Wrapped by the fresh chills of dawn more than a hundred feet above ground level, overlooking volcanoes and fields covered in mist, surrounded by only a handful of eager spectators but also by over 500 Buddha statues, Borobodur Temple is probably one of the perfect spots from where to watch a sunrise.
Built all the way back in the 9th Century and now a UNESCO World Heritage Site, Indonesia’s most famous tourist attraction is considered to be the largest Buddhist temple on the face of the planet. It’s accessibility isn’t a frowner as it is only about an hour’s drive from the closest international airport in Yogyakarta.
Before heading there, my friend, Michael and I did a bit of research and found out that to be able to experience a sunrise from the top of the temple, we had to join a special tour arranged by Manohara Hotel as the site is only opened to public entrance from 6 AM. What’s also great about it is that you get to serenely appreciate the site and the view with only about 30 others before it gets way too crowded. The tickets are priced at 380,000 IDR for foreigners (230,000 IDR for hotel guests) and it includes saris/sarongs which visitors have to wear, the use of a flashlight, and a complimentary traditional snack. Not too shabby!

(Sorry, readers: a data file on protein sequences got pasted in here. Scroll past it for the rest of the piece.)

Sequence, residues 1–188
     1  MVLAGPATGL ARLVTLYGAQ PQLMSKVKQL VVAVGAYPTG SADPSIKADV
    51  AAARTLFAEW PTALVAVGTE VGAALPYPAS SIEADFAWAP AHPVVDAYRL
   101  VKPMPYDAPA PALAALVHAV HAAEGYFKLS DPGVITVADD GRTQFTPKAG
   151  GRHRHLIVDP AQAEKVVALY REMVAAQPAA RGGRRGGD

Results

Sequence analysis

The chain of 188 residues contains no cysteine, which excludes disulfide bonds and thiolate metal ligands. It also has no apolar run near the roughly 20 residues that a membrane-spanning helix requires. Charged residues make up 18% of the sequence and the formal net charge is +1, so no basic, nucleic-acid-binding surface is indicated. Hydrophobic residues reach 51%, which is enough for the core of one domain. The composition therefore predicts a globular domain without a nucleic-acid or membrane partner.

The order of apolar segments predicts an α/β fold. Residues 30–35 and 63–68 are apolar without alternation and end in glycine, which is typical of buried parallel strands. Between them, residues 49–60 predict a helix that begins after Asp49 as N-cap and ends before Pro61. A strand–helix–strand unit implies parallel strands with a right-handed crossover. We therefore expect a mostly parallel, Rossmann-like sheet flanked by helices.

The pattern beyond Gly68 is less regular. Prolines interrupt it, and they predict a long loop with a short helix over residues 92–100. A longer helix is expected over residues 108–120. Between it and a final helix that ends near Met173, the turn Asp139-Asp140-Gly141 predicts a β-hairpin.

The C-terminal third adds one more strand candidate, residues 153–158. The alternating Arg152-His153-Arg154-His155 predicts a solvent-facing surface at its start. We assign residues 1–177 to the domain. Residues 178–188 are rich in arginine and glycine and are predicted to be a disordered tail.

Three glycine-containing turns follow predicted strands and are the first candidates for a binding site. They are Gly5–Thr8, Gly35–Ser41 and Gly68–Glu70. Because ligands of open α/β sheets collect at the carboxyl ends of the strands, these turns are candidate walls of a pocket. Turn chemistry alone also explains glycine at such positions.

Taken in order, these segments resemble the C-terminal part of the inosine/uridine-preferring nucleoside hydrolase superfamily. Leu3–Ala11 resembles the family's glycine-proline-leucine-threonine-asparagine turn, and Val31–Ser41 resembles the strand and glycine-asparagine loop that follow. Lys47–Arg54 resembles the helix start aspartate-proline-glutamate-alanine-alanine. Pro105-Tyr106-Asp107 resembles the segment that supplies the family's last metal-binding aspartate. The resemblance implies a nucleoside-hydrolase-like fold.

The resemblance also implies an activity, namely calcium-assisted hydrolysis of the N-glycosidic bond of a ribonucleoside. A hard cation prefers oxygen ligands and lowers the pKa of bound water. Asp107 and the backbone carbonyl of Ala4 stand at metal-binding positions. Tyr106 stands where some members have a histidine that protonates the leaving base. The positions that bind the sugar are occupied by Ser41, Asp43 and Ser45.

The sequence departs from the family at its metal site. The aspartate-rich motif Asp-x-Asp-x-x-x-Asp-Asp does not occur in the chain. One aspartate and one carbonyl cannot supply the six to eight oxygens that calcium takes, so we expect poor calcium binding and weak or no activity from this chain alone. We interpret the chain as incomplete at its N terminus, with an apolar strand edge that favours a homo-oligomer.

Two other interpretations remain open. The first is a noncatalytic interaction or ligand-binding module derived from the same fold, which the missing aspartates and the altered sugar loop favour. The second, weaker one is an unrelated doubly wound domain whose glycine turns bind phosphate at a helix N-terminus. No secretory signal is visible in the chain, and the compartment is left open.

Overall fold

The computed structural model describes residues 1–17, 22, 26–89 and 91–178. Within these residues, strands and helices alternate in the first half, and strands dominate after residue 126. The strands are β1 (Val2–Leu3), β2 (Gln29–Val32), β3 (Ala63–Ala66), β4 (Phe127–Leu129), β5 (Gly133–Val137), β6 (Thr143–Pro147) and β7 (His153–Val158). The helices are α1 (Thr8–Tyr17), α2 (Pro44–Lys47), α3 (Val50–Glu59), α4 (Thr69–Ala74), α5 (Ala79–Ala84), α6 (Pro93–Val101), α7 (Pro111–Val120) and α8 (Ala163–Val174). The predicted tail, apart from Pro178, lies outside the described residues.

Unlike the occasional comets and seasonal Northern Lights, sunrises come much too often that they are easily taken for granted. But when you get the chance to be in the right place and at the right time, armed with only an MP3 player and perhaps a camera as that orange blob slowly, but at the same time instantly rises in the horizon, you’ll believe that everything is all right with the world, even if for a while.
After the gates open at 6 AM, hundreds, if not thousands, of visitors climb the temple and the noise somehow signals the end of a magical experience, reminding you to come back down to earth. Among the throng are a lot of students on school trips from all over Indonesia who are apparently pretty keen to have photos taken with foreign tourists which made Michael and I unsuspecting targets. Although it can get tiring after all the group and solo shots, the warmth and politeness of Indonesians cannot go unnoticed that I myself also had photos taken with them.
For more on the temple: www.borobudurpark.com/temple/borobudurTemple